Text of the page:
Cast Member Colby: “We don’t really have anything like that. If your child can’t stand it’s our policy to ask the parent for the child’s height and we take their word for it.”

Me (crying my eyes out): “But that doesn’t work out in real life! I’m still seen as a bad guy. So can I have some sort of card with her  height on it? Or a pass for  certain rides so we can get on  without harassment?”

Colby: “We don’t have anything like that. I can offer you some free ice cream… if you want.”

Me: “Can I make a suggestion that you have some sort of official card with, say, Micky’s picture on it, and all it has to say is, ‘Can Ride  All Attractions for 35 inches and smaller.’  Or something like that?”

Colby: “We don’t have anything like that.”

Me: “No, I mean that’s my suggestion. Like for a suggestion box. You should have something like that. Can you pass that along?”

Colby: “We don’t really take suggestions.”

Colby was actually really nice (and  we did get five ice cream sandwiches out of him), but I wish he would have at least lied and  said he would  pass along my suggestion. Well maybe he thought better of it later and did pass it along. It’s a good idea! Some children who can’t stand yet  are small enough  for parents to bring strollers instead of wheelchairs to the park, and those children will run into this very problem! We can’t be the only family!

So we headed over  to California Adventure. Laelia fell asleep so we left her in a corner of  the park with Grandma while we rode the Screamin’. When we got back, Laelia had been awake for the last twenty minutes and  begging Grandma  to ride the bumper cars. That was the ride we parked her in front of for her nap.  So we got in line. Turns out this ride has a height requirement:  35 inches. You’ve got to be kidding me. We approach the entrance by the “You Must Be This Tall” stick with dread. I hold my breath. Charley chivalrously says he’ll handle this. He calms me down and says that now we have all the tools and rules we need to get by without a fight.

Cast Member Nathan: “I’ll have to  check her height.”

Charley who is holding her: “She’s 36 1/2 inches and doesn’t stand or straighten out all the way. She won’t be held under the sign. But I can tell you she’s exactly 36 1/2 inches.”

Nathan: “Then I’m afraid I can’t let you on.”

What?!

Me: “If a child can’t stand isn’t it your policy to ask the parents and take their word for it? We were just told this by three leads!”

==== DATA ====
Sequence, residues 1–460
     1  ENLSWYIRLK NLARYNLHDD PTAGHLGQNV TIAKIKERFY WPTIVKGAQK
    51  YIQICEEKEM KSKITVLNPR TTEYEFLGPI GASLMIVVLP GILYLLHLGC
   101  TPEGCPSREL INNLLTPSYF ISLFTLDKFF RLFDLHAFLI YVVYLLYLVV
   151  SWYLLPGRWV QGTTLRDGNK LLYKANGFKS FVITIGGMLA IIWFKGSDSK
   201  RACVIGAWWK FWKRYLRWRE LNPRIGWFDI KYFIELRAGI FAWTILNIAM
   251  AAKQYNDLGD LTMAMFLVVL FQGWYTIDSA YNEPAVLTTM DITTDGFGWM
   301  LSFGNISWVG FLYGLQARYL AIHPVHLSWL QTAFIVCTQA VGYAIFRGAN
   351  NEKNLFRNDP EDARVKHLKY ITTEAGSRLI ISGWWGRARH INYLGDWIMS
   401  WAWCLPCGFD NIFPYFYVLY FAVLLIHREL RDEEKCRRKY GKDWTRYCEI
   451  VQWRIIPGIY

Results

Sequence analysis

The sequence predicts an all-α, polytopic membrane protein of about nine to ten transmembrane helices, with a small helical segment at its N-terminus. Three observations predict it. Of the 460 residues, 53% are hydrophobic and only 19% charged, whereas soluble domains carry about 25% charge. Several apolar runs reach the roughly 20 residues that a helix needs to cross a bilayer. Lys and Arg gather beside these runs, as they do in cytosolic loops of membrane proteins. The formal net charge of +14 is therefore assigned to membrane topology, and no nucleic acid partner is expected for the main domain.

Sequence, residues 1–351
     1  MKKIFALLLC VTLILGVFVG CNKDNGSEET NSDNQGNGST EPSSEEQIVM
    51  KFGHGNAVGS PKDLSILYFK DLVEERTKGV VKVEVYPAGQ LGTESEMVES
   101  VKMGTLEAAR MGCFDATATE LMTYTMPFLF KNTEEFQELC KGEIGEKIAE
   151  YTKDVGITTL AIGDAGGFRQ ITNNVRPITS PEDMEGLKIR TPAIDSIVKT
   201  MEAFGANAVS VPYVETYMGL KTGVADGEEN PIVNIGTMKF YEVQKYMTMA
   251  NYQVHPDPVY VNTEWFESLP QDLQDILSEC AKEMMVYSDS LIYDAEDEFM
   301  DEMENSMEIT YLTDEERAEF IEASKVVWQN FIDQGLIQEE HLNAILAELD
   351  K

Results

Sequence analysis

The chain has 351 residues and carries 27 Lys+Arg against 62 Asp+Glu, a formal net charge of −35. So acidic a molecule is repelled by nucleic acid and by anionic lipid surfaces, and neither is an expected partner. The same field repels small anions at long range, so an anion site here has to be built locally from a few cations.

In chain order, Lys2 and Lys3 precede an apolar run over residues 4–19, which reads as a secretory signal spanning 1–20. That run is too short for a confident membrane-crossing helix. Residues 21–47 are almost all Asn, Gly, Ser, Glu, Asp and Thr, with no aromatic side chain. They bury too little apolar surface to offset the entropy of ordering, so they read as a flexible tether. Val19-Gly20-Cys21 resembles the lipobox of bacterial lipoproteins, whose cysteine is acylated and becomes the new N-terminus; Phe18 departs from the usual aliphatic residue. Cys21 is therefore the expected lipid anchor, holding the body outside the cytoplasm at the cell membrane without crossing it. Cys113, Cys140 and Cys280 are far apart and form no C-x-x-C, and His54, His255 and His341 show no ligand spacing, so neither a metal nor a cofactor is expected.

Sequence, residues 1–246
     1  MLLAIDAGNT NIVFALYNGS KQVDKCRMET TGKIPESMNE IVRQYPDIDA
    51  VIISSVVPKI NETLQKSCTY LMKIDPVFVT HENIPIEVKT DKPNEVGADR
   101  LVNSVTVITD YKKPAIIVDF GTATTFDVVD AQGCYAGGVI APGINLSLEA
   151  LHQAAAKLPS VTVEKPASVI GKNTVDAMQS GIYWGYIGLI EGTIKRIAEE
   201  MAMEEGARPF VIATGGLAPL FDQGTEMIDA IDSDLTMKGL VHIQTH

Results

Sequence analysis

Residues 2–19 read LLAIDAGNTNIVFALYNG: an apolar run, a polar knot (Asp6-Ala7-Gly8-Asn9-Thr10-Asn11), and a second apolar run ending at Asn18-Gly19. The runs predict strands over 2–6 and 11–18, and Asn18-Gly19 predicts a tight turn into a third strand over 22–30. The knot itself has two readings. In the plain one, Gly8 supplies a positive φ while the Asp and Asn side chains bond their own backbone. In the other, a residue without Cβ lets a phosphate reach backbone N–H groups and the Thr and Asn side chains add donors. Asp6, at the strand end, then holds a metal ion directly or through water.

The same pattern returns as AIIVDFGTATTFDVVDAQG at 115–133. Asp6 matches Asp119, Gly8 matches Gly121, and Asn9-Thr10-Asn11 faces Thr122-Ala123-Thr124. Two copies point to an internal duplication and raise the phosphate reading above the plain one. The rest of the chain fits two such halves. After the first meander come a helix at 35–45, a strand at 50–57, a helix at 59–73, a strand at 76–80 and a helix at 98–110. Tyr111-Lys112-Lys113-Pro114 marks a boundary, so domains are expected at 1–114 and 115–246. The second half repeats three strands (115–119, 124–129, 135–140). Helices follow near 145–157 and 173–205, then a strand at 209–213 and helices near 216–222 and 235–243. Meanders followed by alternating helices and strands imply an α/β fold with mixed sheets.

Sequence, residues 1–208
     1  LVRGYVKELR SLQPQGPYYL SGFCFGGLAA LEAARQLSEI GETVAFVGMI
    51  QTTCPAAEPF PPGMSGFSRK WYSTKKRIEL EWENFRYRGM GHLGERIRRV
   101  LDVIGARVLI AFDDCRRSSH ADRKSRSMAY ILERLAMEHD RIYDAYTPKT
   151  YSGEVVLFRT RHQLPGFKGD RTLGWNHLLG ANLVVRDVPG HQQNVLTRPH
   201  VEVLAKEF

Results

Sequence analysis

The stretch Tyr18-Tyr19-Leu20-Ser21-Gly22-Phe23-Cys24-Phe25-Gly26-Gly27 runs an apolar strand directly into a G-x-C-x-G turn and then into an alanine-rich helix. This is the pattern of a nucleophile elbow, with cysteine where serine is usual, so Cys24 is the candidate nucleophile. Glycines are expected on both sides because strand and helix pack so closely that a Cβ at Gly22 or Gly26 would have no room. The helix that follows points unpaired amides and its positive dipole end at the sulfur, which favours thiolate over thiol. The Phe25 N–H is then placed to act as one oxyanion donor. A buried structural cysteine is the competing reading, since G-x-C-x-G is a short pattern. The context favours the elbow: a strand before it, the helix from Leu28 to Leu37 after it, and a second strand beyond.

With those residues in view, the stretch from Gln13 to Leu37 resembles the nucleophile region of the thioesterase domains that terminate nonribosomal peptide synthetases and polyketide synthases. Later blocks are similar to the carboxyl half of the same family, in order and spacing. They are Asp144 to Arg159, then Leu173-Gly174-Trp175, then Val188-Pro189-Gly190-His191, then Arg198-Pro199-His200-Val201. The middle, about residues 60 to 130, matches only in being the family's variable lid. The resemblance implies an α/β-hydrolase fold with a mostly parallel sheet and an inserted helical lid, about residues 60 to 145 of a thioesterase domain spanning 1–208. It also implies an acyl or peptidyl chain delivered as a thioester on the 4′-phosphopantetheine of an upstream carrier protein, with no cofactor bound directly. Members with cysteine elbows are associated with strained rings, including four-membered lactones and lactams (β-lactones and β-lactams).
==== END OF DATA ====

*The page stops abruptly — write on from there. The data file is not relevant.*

Nathan: “Um, if she can’t stand under the sign then she can’t ride.”

Me,  lowering my voice  dangerously: “She’s disabled. (Wow, she’s had to hear that a lot today.) She’s 36 1/2 inches long. You’re not allow to ask for this, but I’m VOLUNTEERING   her doctor’s note with this information written on it.” I hold it up in front of him.

Nathan looks around furtively, “Okay go in.” He’s speaking  quietly like he’s letting us get away with something.

Me: “She meets all of your requirements for safety!” That’s my way of saying, “We’re not getting away with something and you’re not doing us a favor here! She rightfully gets a spot on this ride with every peer who is able-bodied.”

Okay this ruined my day. We joked about marching back to Guest Services and getting more ice cream. If we stayed much longer we’d walk  out of there with a year’s supply! Ugh but even chuckling felt hollow. My daughter seemed to be having a great time, but it’s not like this was all lost on her. She saw me cry. She heard over and over again that she couldn’t stand, couldn’t straighten out. What does that do to a child’s thinking about herself? Plus I was full on depressed. She would beam up at me and I would force a smile back down at her through the agony.

I mean in one day I’d been told that I’m a bad parent by putting my child in danger, or I’m a bad person by trying to do something sneaky.  I risked the employment of the cast members by not leaving, and made everyone uncomfortable because they had to deal with my sweet daughter wanting to ride a darn ride.  In conclusion I must be a bad person. That’s what I read in the eyes of other guests in the park who walked around us  to get on the  coaster or just  stared with this look that read: You, Mother of Different Child, are bad. I was completely vilified.